Lighting luminaries hearkens back to early Southwestern traditions during December.
In 1978, almost forty years after the Desert Botanical Garden (DBG) opened to the public, the Garden introduced its first Las Noches de las Luminaria. The celebration has evolved beyond candlelit desert paths; the annual event now includes bell choirs, bands, dancers, and light shows. In creating Las Noches de las Luminaria, the DBG drew upon a cultural form that had taken a new meaning in the American Southwest in the early twentieth century.
Lighting luminaries during the Christmas season originated in the American Southwest, specifically in northern New Mexico. It grew out of the efforts by Anglo leaders in Sante Fe to create a distinctive identity for the town and to promote that sensibility to Western travelers. Early twentieth-century Anglo leaders of Santa Fe had redefined the city's history by appropriating Native American and Mexican culture and traditions. Through its art, architecture, ceremonies, literature, and pageantry, the town established a mythic identity that has drawn tourists for more than one hundred years. These efforts included highlighting the city's architecture during the Christmas holiday season through the use of luminaries lining the parks, streets, walls, and flat rooftops of Santa Fe. Beginning in the 1920s and through the 60s use of luminaries spread through the Southwest, including to Arizona. For example, in 1939, an article from the Arizona Daily Star encouraged Tucson residents to adopt the use of luminaries in their homes. It described how, in the previous year, the author saw the use of luminaries in Old Pueblo, Arizona and stated that the flat roofs of Southwestern style homes, such as in Santa Fe, Old Pueblo and Tucson, made excellent places for luminaries. Years later, for Christmas 1950, Tucson's Desert Garden Club members urged homeowners to use luminaries and "other beautiful decorations" to beautify the city for the holidays. Luminaries were again encouraged the following year as a way to capture the desert holiday spirit. In an article the next year, they added additional incentives, appealing to children with the argument that luminaries may help direct Santa Claus to their Tucson homes.
If the use of luminaries in the Southwest has become a winter holiday custom over the past one hundred years, the precise origins of the use of luminaria has been obscured by that twentieth-century mythmaking. Santa Fe historian Pedro Ribera Ortega promoted the luminaria tradition in Santa Fe by linking it to the hills of Spain and Italy. Around the city of Belén, Spain, shepherds lit small, contained fires at night to stay warm, and in time these became known as luminaries. According to Ortega, it was during Spain's conquest of the Americas that luminaries traveled across the Atlantic Ocean, where they became popular in Mexico during winter nights. As Christian missions spread around the Mexican territory, indigenous peoples who converted to Christianity displayed luminaries to help lead the infant Jesus Christ into their homes. Ortega reported that poems and regional songs even describe the tradition of luminaries in Christmas celebrations. One poem by Dorothy Linney reads, "The little fires that blaze on Christmas Eve; are lit by simple folks who believe; the Christ Child wanders softly through the night; and blesses all who set a guiding light." According to Ribera, the decline of the Spanish missions contributed to the decreasing use of luminaries. It was this tradition that Santa Fe appropriated when it began lighting the city in the early twentieth century.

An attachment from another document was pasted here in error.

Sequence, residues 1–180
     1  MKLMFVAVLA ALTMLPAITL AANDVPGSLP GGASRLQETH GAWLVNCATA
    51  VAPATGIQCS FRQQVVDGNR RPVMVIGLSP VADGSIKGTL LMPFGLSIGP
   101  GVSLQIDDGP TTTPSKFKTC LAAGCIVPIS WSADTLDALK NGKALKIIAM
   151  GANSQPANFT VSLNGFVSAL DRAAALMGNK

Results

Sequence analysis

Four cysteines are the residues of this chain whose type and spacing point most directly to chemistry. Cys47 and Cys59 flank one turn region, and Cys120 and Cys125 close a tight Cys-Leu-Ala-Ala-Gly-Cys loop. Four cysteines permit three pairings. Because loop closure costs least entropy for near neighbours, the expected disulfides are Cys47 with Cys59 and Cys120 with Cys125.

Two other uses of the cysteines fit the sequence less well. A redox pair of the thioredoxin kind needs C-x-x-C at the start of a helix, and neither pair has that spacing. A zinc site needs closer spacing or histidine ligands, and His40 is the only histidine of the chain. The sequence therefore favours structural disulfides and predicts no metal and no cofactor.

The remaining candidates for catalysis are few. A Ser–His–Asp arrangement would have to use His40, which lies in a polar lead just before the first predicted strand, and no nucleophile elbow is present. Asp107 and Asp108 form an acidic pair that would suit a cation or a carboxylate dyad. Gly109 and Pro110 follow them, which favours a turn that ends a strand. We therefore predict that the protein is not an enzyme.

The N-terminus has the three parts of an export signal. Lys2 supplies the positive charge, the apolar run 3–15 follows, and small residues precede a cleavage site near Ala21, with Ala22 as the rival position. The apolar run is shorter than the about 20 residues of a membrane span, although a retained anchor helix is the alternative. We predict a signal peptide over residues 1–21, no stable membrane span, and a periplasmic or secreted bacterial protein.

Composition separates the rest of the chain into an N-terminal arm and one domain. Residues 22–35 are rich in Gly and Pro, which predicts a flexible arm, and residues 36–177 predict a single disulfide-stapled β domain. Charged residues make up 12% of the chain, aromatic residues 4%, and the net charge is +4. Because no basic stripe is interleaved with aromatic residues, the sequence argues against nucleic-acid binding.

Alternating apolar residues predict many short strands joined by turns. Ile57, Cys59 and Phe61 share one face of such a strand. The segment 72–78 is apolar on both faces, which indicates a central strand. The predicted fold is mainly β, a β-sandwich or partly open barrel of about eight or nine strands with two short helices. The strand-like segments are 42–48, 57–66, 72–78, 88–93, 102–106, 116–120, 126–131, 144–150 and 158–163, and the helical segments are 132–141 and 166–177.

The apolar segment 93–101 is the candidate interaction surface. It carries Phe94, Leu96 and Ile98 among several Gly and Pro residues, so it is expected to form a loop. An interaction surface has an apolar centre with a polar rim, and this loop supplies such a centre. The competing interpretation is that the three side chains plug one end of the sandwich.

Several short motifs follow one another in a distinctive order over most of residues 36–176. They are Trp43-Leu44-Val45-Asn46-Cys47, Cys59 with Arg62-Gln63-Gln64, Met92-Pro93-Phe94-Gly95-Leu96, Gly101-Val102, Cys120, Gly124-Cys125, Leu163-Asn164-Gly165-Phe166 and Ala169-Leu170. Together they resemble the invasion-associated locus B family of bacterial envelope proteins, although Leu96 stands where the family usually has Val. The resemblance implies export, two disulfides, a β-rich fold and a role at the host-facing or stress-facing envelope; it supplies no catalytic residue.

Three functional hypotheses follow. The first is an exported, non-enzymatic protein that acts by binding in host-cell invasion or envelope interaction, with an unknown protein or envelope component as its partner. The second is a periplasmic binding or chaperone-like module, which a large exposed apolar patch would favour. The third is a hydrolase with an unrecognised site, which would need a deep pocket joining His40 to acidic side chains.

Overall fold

In creating its own Las Noches de las Luminaria in 1978, the Desert Botanical Garden in Phoenix drew upon the southwestern cultural tradition that had emanated from Santa Fe to broaden its appeal and create a new relationship with the community. Indeed, community outreach became more central to the Garden in the 1970s, when Charles A. Huckins became director and reinvented the Gardens' by making them more accessible, including creating trails and education programs. As a thank you to the Phoenix community and its volunteers, the Desert Botanical Garden hosted a one-night winter celebration, showcasing the luminaria festival for the first time.
That first Las Noches de las Luminaria displayed approximately three thousand luminaries lining the trails and buildings; it was free for all visitors and open from 7 to 9 pm. Webster Auditorium, decorated with "piñatas and desert holiday arrangements," also offered hot chocolate and cookies. The festival grew larger with each passing year. By its fortieth anniversary, Las Noches de las Luminaria displayed more than eight thousand hand-lit luminaries. The event now includes luminary donated by individuals, as well as volunteers recruited for lighting the thousands of luminaries each year. The Garden also hosts various concerts during the festivities, from Native American Flute players and Mariachi bands to brass bands and bell choirs. Instead of one evening, Las Noches de las Luminaria can be seen throughout December.